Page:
Equipping Nurses with Disaster Skills is Critical to Prepare for the Unpredictable

Equipping Nurses with Disaster Skills is Critical to Prepare for the Unpredictable

Disasters—both natural and man-made—can bring great loss and destruction, but are inevitable and unpredictable. Each year, we witness deadly earthquakes, hurricanes, floods, wildfires, accidents, and mass shootings.

Dating back to the Galveston Hurricane in 1900, Johnson & Johnson has demonstrated its unwavering commitment to disaster relief. Support continued during the San Francisco earthquake of 1906 through to recent disasters, like Hurricane Harvey and Hurricane Maria. Today, guided by  Our Credo, which states that the company must be “responsible to the communities in which we live and work and to the world community as well,” the company alongside our partner organizations continue to focus on responding and rebuilding in the wake of disasters across six continents. Our strong, longstanding partnerships give proof that banding together with others, uniting under a common purpose, sharing knowledge, and combining reach can bring results, as detailed every year in our Health for Humanity report. This report also highlights our Campaign for Nursing’s Future initiative.

At Johnson & Johnson, we recognize that nurses have a unique and critical responsibility when disaster strikes. They provide vital medical aid, comfort, and leadership during times of confusion, fear, loss, and suffering. Often, they face uncomfortable and dangerous conditions, with risk to themselves, limited resources, and very little sleep.

Although disasters usually follow a similar sequence of prevention, preparedness, response, and recovery, no two disasters are exactly the same. Nurses need different knowledge, a new set of skills, and diverse experience to respond to a hurricane, disease outbreak, or a transportation accident. As the backbone of disaster response, nurses must learn how to solve problems quickly, rapidly direct groups of people, prioritize needs, and allocate inadequate supplies.

Johnson & Johnson is helping to equip nurses with the skills to respond by partnering with organizations that train and mobilize disaster nurses. For example, Johnson & Johnson supports the TOMODACHI Disaster Nursing Training Program, which aims to deepen the professional knowledge of nursing students specializing in disaster medicine and nursing in Tohoku, Japan.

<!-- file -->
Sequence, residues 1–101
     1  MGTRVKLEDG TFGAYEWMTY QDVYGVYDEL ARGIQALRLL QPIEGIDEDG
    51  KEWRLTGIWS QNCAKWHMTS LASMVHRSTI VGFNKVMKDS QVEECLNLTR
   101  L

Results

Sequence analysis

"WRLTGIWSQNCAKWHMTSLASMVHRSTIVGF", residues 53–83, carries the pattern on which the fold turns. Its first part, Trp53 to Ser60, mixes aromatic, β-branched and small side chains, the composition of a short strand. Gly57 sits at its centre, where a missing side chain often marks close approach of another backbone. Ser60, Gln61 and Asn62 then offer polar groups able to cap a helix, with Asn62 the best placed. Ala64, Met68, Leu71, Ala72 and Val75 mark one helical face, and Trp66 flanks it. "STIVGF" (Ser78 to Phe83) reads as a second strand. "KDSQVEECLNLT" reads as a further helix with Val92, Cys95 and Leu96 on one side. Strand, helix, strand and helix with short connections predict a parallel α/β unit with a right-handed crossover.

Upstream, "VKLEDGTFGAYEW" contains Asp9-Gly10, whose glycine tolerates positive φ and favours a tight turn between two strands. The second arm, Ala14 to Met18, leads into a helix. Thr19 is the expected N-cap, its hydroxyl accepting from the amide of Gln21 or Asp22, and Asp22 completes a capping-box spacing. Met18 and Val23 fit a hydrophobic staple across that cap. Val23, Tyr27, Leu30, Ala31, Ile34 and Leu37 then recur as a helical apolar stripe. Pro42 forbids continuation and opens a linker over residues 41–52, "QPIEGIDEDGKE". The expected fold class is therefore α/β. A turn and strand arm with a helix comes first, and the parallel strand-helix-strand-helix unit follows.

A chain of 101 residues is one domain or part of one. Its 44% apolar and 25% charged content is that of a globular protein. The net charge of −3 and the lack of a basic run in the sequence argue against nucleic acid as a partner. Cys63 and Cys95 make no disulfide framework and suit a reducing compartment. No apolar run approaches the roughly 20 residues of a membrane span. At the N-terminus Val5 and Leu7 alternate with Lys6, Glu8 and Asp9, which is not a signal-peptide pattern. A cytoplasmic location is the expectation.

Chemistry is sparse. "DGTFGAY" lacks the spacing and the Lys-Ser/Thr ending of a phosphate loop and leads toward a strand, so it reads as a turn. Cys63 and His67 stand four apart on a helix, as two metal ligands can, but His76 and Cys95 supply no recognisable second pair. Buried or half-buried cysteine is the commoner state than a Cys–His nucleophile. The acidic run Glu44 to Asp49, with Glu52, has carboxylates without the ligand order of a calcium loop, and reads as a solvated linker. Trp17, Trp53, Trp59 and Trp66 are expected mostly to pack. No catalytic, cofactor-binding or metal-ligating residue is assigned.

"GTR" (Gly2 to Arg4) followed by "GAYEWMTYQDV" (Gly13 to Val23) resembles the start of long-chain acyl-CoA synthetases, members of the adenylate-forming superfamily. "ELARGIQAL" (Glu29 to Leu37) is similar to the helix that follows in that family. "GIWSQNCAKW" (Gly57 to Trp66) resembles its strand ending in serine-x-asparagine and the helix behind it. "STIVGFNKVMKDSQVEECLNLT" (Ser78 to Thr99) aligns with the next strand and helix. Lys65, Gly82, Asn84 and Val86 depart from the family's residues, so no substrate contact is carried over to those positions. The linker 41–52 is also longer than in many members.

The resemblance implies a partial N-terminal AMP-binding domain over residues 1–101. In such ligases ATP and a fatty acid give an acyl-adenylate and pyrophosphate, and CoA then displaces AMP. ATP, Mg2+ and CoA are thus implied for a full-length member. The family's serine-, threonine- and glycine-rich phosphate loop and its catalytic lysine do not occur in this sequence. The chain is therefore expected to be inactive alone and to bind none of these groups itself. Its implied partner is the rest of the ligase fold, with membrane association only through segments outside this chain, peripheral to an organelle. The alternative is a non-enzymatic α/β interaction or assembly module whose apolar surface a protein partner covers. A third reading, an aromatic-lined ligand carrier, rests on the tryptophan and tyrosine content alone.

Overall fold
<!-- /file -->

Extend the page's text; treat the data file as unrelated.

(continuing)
Born out of support for Japan’s recovery from the Great East Japan Earthquake and Tsunami in 2011, Johnson & Johnson is partnering with the U.S.-Japan Council to develop a seven-month Disaster Nursing Training Program. As part of the initiative’s cultural exchange, participants from Japan visit the U.S. to visit facilities specializing in disaster response and meet with U.S.-based experts who helped during and after 9/11 and Hurricane Sandy.

Many participants were personally impacted by the Great East Japan Earthquake—and became nurses as a result. Yumi Gima, a participant in 2018, said: “I experienced the Great East Japan Earthquake during my first year of middle school. At the time, there was no water in the area where I lived, and when I saw seniors volunteering to collect water, I became inspired to volunteer and help others. However, I could not take any real action at the time.

“I became interested in disaster nursing due to my experience during the earthquake—it is why I applied to this program. In recent years, a variety of disasters have taken place in Japan due to extreme weather. During the study tour in the U.S., I’ve learned about disaster response measures not only for earthquakes, but also for hurricanes and other disasters that cannot be easily studied in Japan. In the future, I would like to become a member of a disaster medical assistance team (DMAT) and be able to take positive action in times of disasters.”

In addition to developing disaster nursing skills, participants like Yumi share their memories of the Great East Japan Earthquake and Tsunami, while demonstrating their compassion for strangers. They interact with a multilingual and multiracial society, uncommon in Japan, and learn the importance of understanding and respecting other cultures, backgrounds, and ways of thinking to foster a global perspective not only as health providers, but also as human beings.

September is National Preparedness Month and programs like the TOMODACHI Disaster Nursing Training Program are critical for preparing frontline responders for the unpredictable. Johnson & Johnson appreciates that the need to care for, comfort, and advocate for patients comes naturally to nurses—even when their own health could be at risk. This compassion makes them vital during this time of unprecedented disasters and supporting their knowledge, skills, and abilities through training is imperative to help them mobilize and respond faster and, ultimately, save lives.

Personal Needs vs. Professional Responsibility: A Nurse’s Perspective During Hurricane Harvey

Personal Needs vs. Professional Responsibility: A Nurse’s Perspective During Hurricane Harvey

With hurricane season fast approaching, individuals in vulnerable areas are preparing for the possibility of an active hurricane season. Last year was a particularly active season that affected the Caribbean and most of the Gulf Coast areas. As health care providers, nurses are particularly affected due to our responsibilities to both our patients and families as well as ourselves. This can be not only physically stressful, but also emotionally taxing on the individual.

In August 2017, Hurricane Harvey hit the Texas/Louisiana coastal areas and caused massive flooding, damage, and fatalities. The Texas Medical Center in Houston sustained flooding that stranded many hospital staff and patients for several days while the hurricane lingered in the area.